Little Fish in a Giant pond

Tuesday, June 17, 2008

Something unpleasant is about to hit the fan in Ontario

Language rights in Ontario haven't been this controversial in Ontario since the heated debate that occured over the closing of the Hôpital Montfort.
This time, the subject of debate is even edgier. According to the Ottawa Sun, the council for the Township of Russell has officially voted 3 to 2 in favour of a by-law that will require all new business that are established in the township to post signs and advertise in both of Canada's official languages, with the tie-breaking vote coming from the Mayor Mr. Ken Hill.
The reaction from some Russell residents and merchants has been a furious one. A lawyer by the name of Howard Galganov promptly served the mayor with legal papers indicating that he intended to challenge the by-law, which he considers to be a violation of the Charter.
The website for the Russell Chamber of Commerce was quick to denounce the by-law even before it was adopted. One look at their site and it is clear that the language being used is intended to stir up emotion, in what already promises to be an emotionally charged debate.
The Chamber of Commerce website is rife with venom for Mayor Hill, and just littered with rhetoric about the Charter. They go so far as to suggest that "...we will show that we will not trade our rights away so a few politicians can score political points with a small minority of discord makers". I wonder who they mean when they refer to this small minority. According to the 2006 Census results, 6160 (44.85%) Russell township residents considered French as their "mother tongue", compared to 6810 (49.58) who marked down English. So it's not exactly like we're talking about a small community where no one speaks French.
Galganov and the Chamber of Commerce seem pretty convinced that they have a strong case, I'm not so sure at least for the moment. The Chamber of Commerce website refers to Vann Niagara Ltd. vs. Oakville, but this was a case where the municipality was refusing to allow third party advertisers, it had nothing to do with the language of advertising.
Still, we should not forget that the Supreme Court did declare that Québec's language laws against advertising in English were declared unconstitutional and invalidated them. They only exist today because the Bourassa government elected to invoke the notwithstanding clause of the charter. Just the same, we are not talking about banning the use of English for advertising. In fact the right to express one's self in English would be restricted in no way. Unless I misunderstand the by-law in question (to be fair I have not read it yet), it simply means that businesses that only advertise in one language will now have to advertise in the other as well.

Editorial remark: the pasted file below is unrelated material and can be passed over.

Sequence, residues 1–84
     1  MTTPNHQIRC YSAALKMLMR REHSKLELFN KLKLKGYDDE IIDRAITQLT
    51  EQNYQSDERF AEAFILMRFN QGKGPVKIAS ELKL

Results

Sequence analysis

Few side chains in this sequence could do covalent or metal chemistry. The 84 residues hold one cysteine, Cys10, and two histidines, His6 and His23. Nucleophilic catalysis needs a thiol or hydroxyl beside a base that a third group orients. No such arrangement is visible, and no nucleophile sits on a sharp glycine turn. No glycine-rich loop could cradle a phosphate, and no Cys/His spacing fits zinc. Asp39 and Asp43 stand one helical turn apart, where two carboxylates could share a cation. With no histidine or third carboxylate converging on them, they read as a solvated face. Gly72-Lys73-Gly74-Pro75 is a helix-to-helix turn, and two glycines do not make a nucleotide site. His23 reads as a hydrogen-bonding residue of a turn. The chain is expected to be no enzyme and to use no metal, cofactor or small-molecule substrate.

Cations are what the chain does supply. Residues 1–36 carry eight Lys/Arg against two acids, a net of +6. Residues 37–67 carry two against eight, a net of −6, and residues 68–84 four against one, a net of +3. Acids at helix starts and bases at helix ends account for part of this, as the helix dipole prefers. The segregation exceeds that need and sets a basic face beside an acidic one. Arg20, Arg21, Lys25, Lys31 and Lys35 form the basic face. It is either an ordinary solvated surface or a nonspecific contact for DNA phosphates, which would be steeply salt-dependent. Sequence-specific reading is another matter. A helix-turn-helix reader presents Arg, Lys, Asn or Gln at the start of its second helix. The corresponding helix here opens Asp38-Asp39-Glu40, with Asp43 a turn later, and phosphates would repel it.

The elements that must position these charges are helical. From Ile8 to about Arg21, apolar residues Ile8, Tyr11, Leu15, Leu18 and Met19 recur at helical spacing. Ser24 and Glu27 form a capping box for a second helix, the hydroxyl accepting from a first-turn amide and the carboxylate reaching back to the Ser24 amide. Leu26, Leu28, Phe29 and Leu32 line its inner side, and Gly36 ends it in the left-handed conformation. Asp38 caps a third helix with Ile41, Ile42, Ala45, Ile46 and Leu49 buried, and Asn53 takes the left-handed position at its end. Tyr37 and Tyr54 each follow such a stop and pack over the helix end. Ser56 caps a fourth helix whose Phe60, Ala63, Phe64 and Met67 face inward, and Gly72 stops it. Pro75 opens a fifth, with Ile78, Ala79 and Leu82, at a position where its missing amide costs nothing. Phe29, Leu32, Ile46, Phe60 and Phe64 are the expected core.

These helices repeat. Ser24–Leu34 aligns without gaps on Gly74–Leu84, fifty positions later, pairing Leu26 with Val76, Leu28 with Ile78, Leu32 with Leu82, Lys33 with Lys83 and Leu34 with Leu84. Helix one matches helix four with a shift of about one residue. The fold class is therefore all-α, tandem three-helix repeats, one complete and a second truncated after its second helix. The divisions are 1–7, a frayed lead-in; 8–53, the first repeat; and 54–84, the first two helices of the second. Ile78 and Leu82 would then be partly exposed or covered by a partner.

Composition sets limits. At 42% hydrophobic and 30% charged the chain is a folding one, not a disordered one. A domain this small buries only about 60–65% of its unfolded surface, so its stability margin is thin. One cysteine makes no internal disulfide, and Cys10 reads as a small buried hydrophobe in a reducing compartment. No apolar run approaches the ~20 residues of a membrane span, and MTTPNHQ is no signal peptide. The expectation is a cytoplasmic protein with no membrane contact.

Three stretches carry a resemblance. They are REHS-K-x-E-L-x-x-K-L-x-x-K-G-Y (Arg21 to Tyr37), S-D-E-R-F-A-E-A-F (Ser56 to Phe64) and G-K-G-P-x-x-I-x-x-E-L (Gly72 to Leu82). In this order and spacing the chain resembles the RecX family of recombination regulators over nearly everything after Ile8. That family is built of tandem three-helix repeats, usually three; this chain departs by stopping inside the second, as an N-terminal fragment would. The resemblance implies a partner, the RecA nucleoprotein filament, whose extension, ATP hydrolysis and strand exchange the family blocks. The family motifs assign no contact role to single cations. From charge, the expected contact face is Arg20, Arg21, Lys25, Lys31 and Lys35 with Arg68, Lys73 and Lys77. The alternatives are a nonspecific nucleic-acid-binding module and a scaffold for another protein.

One thing's for sure, I am going to have to get my hands on a copy of this controversial by-law, and then I intend to do a little bit of legal research on my own, before I can decide whether or not it is likely to stand up to a Charter challenge.
Personally I'd say that Mayor Hill and his council are unnecessarily opening a can of worms, since French businesses are already free to advertise in the language of their choice, but if that is the way that he and the other elected representatives on the Township council feel is the best way of reflecting the township's bilingual characteristics, I personally don't see any harm in it. Needless to say, A LOT of people will feel differently.

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3 Comments:

  • I don't really understand what the beef is about, what can be so "threatening" than having bilingual signs ? To hear the opponents such as Howard "the Quebec-flag burning bigot" Galganov, it sounds like the council is taking people's rights away.

    I've said it before and I'll say it again. It is easy to invoque the individual rights card when you aren't a linguistic minority. This was true in New-Brunswick during the bilingualism debates of the 60s and 70s ( particularly in St-Johns with the infamous mayor Jones) and the COR party in the early 1990s. It was true in Ontario during that period and now in Russel and in Quebec, anglophones also invoque the "free market principle" to linguistic policies. It isn't a coincidence, it makes perfect sense since english doesn't need state protection.

    I understand their laissez-faire principle ( let the market decide if a customer isn't happy about his services), but having bilingual signs doesn't hinder business or impose cripling costs on owners or even "impose" a language ( to use) on anyone.

    Much ado about nothing.

    By Blogger Marc-André Mongeon, M.A, at 7:56 AM  

  • Yeah it looks we're pretty much on the same page in this debate.

    The sad thing is that this little community may be ripped apart as a result of this conflict, to say nothing of what it may do to relations between Anglophones and Francophones throughout the country.

    By Blogger Fish, at 11:30 AM  

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